Doctor Sleep

Decades after Jack Torrance showed that all that’s certain in life is death and axes, Danny (now Dan) Torrance (Ewan McGregor) is all grown up and drinking heavily to suppress his strange telepathic powers known as the shining. But when a child (Kyliegh Curran) is discovered with a shine even brighter than Dan’s, she becomes prey to Rose the Hat (Rebecca Ferguson) and The True Knot, a group of vampire-esque monsters who feed on the shining.


There are a few challenges when adapting Doctor Sleep, since it’s a sequel to Stephen King’s The Shining, but audiences mostly know Stanley Kubrick’s significantly altered film. Yet King’s sequel is also a radically different story, an exploration of the shining in a more complex and wide-roaming tale than the self-contained haunted hotel of the original.

The film opts for a largely accurate if abbreviated adaptation which wisely doesn’t stray too far from King’s work. In this it’s the polar opposite of Kubrick’s approach, who used the source material for inspiration but changed whatever he wanted to make his own film. But while it may get the story right, the tone doesn’t fit the dark fantasy of the novel. The attempted jump scares and absence of atmosphere feel like rote modern horror movie making which doesn’t do justice to a story which lends itself more to an Interview With the Vampire style creepy mythology.ds-04723r1-700x467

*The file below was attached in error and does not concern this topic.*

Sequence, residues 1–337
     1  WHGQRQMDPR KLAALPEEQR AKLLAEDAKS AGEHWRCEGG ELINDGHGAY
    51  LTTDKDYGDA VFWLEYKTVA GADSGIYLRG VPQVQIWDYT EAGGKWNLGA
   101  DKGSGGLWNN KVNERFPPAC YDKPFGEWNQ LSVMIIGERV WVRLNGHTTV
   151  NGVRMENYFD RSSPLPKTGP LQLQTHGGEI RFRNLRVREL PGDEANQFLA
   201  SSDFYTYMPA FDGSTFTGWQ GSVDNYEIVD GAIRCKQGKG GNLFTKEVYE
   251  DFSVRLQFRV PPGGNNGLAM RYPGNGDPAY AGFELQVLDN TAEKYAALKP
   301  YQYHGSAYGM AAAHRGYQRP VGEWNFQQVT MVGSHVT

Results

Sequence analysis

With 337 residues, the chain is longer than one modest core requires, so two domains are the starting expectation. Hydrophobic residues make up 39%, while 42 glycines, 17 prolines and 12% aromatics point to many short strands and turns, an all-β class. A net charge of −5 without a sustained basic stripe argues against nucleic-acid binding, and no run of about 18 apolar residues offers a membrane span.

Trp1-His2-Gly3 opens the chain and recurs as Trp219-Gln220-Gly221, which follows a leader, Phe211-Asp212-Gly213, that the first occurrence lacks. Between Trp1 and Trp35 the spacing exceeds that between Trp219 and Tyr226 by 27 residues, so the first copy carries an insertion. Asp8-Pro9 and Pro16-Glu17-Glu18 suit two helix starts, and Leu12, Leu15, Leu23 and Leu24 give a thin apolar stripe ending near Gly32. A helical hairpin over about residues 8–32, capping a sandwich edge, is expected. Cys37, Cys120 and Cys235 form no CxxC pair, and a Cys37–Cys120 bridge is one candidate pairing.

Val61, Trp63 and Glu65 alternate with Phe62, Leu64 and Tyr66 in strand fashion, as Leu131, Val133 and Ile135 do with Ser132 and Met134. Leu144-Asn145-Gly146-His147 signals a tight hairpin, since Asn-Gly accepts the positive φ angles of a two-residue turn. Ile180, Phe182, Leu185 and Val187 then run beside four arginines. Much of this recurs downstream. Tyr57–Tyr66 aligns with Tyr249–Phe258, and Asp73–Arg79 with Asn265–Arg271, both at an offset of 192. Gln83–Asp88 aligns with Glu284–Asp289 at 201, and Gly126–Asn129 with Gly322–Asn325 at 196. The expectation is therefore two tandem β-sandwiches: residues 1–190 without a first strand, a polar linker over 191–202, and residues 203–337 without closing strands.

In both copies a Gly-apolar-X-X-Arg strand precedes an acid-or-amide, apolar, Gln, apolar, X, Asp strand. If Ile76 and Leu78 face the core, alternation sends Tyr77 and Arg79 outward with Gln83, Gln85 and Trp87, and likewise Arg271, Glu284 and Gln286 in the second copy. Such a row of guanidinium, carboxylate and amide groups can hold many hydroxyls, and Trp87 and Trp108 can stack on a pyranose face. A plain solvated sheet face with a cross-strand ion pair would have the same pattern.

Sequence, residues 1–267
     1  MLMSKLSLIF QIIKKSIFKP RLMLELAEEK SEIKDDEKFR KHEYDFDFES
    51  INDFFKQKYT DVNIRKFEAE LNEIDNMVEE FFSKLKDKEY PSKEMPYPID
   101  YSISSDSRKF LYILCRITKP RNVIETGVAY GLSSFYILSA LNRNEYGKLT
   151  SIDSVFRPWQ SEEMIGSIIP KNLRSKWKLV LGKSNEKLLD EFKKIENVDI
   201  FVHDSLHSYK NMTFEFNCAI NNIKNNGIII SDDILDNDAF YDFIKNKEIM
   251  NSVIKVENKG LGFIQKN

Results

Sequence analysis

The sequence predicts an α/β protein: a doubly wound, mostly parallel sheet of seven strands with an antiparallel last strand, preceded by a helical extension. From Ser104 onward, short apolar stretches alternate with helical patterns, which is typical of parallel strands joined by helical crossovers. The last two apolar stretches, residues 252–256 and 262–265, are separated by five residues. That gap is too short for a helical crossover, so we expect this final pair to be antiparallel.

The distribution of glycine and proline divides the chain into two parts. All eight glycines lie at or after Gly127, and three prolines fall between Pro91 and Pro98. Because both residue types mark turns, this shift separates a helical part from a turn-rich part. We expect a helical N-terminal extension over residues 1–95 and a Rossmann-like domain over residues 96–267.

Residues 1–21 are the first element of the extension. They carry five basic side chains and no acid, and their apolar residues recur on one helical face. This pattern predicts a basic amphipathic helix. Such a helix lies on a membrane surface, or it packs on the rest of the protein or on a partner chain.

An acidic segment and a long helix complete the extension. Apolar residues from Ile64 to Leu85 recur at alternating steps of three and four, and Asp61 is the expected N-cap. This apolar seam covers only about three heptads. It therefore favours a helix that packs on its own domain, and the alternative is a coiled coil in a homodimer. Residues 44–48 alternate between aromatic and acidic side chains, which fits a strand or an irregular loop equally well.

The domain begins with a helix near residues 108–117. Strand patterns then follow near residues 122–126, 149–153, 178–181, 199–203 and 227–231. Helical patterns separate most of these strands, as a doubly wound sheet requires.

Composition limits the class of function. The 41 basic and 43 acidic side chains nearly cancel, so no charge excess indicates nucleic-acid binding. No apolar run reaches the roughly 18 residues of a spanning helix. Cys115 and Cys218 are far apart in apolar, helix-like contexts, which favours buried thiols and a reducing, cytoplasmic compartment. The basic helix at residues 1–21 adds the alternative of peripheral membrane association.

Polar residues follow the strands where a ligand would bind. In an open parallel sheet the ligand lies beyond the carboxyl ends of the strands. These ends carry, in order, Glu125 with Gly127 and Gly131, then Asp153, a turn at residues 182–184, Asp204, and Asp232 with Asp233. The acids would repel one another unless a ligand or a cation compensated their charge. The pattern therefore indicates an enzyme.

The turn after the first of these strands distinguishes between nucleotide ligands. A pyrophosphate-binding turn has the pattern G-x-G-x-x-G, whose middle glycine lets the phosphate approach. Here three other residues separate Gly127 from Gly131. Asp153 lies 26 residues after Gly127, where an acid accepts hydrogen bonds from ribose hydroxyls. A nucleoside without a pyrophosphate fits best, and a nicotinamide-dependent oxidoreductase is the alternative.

Where it diverges from the book is the finale; an unnecessary retread of the The Shining‘s snowy footsteps. It seems obvious that getting the director of Ouija: Origin of Evil to rehash the horror masterpiece of the greatest perfectionist in cinematic history won’t result in favourable comparison, and the biggest insult is to bring back Jack Torrance with an actor who barely resembles Jack Nicholson (Henry Thomas – AKA Elliot in E.T.) and certainly doesn’t capture his performance.

The upshot of this longer ending is earlier opportunities for character development are overlooked, not helped by a flat performance from McGregor. It’s a shame that instead of making a great Doctor Sleep film it’s more concerned with giving us a second helping of The Shining. I would have preferred an entirely separate adaptation, but unfortunately Mike Flanagan didn’t think he could get away without redrum.

One response to “Doctor Sleep

  1. Pingback: Gerald’s Game | Screen Goblin·

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